"you can't review your data for accuracy, and you can't correct any errors"

And that it can be used by the likes of,

1 -Third parties during the course of a law enforcement investigation
2 - A court, magistrate, or administrative tribunal
3 - The United States Department of Justice

So a cop investigates you because of it, a court uses it to judge you, and the DOJ uses it to effectivly sentance you. And you can not chalenge it...

Hmmm.... Stalin would have loved this

So welcome all U.S. Citizens to camp X-Ray-Homeland it's just opened it's doors to you.

As somebody from outside the U.S. Can you please tell me why so many of you vote Republican?

PseudonymNovember 4, 2006 6:19 PM

I don't see why you shouldn't be able to see your data. Surely if the government isn't doing anything wrong, they have nothing to hide...

quincunxNovember 4, 2006 7:19 PM

'US Customs and Border Protection issued a notice in the Federal Register yesterday which detailed the agency's massive database that keeps risk assessments on every traveler entering or leaving the country.'

Real risk assessment is figured out by actuaries in insurance companies working in a competitive environment with their OWN money.

Government risk assessment is an oxymoron, because the government always spreads the risk onto others. The government will not be put out of business by failing to achieve its objective, ergo there is no risk at all.

RoyNovember 4, 2006 8:38 PM

The error-correction prevention is engineered in as a design feature.

George Orwell was a naive optimist.

John FaughnanNovember 5, 2006 12:04 AM

Mainstream press attention would be nice, but pointless. The only hope of introducing some reason into this madness is to oust the GOP from Congress.

AnonymousNovember 5, 2006 9:23 AM

"So a cop investigates you because of it, a court uses it to judge you, and the DOJ uses it to effectivly sentance you. And you can not chalenge it..."

The court is made of humans who review cases based on sanity more than bureaucratic regulations. If there's a clear error in the database, the court is likely to notice.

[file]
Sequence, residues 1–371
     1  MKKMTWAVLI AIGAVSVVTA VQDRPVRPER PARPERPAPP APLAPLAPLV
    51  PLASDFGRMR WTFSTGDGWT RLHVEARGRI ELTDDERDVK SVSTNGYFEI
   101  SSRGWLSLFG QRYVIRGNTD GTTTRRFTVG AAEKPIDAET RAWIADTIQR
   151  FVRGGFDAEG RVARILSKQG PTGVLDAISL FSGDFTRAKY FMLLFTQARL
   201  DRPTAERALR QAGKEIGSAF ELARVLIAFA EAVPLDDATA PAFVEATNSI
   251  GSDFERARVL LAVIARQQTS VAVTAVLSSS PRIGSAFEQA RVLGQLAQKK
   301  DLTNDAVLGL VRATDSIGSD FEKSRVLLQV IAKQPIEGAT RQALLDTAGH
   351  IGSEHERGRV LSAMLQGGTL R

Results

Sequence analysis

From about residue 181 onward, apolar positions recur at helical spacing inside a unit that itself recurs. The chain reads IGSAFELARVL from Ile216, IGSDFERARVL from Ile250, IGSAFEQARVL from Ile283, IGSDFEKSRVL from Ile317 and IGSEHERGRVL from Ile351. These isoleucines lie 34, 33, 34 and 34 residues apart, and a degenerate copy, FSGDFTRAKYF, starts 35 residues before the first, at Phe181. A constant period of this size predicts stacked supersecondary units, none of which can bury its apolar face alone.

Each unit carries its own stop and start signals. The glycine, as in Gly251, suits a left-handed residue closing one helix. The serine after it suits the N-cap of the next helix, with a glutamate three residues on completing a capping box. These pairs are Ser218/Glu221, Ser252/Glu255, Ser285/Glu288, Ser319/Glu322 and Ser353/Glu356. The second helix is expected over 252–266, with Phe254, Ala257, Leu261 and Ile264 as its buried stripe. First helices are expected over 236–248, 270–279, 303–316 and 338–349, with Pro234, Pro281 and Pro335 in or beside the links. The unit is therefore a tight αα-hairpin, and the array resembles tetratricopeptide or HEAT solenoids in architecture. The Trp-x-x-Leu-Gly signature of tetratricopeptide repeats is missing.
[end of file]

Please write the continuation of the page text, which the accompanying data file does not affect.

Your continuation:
It will cause problems, but it won't do away with juries.

ChipGeekNovember 5, 2006 7:27 PM

@ Anonymous


"The court is made of humans who review cases based on sanity more than bureaucratic regulations. If there's a clear error in the database, the court is likely to notice."

You're a naive optimist.

BenNovember 5, 2006 10:49 PM

Screw up the database? That's worked so well with the no fly list hasn't it? Just ask any parent trying to get on a plane with a three year old whose name is on the list.

jmaxNovember 5, 2006 10:57 PM

"The court is made of humans who review cases based on sanity more than bureaucratic regulations. If there's a clear error in the database, the court is likely to notice."

Two points:
1. "likely" isn't real comforting.

2. And if the error isn't clear? You can't challenge it, because you don't know it's there; you aren't allowed to look at the data.

bobNovember 6, 2006 7:18 AM

@Clive Robinson: This isnt a "left" or "right" wing issue. We had just as many tramplings of rights under Clinton or Carter.

This is a "big government black hole absorbing everything in reach and becoming bigger" thing that transcends which side of the aisle you sit on. It was triggered by 9/11 and the republicans get all the credit for it cause it happened on their watch. Give it a couple of years and the democrats will have their turn to make monolithic government growth a new olympic sport.

averyNovember 6, 2006 10:23 AM

I don't see what you guys are worried about. If I want to see my information I'll just poing out this: "Any organization or person who might be a target of terrorist activity or conspiracy" and remind them that they've spent the better part of five years telling my the terrorists are out to get me personally. How can they expcect the members of my family to sleep at night until they are certain that I do not represent a terrorist threat right there in the house?

wNovember 7, 2006 2:55 PM

@Anonymous - you don't get a jury trial anymore, remember? That was last weeks fun with the law.

Bukko in AustraliaNovember 24, 2006 2:19 AM

How is the U.S. different to the old USSR? Almost equal paranoia about people coming in. This should throw a New Orleans' worth of cold water on the U.S. tourism industry. "Welcome to Fortress America! Now GO AWAY!"

I'm an American who emigrated to Australia last year because I didn't like the fascism and murder that my tax dollars were paying for. When my wife and I would travel overseas, we'd find it so relaxed going between countries in Europe. But coming back to the U.S. was like entering a hate-state. We don't have any plans to return to the country where we lived for half a century (the flight back is a bee-yotch!) and based on this article, we wouldn't be allowed back in anyway. Traitorous country-leavers that we are and all.

But hey, anyone who's patriotic would NEVER want to leave the good ol' USA. Unless it was to invade another country, that is...

Leave a comment

Allowed HTML: <a href="URL"> • <em> <cite> <i> • <strong> <b> • <sub> <sup> • <ul> <ol> <li> • <blockquote> <pre>

Photo of Bruce Schneier by Per Ervland.

Schneier on Security is a personal website. Opinions expressed are not necessarily those of Resilient Systems, Inc.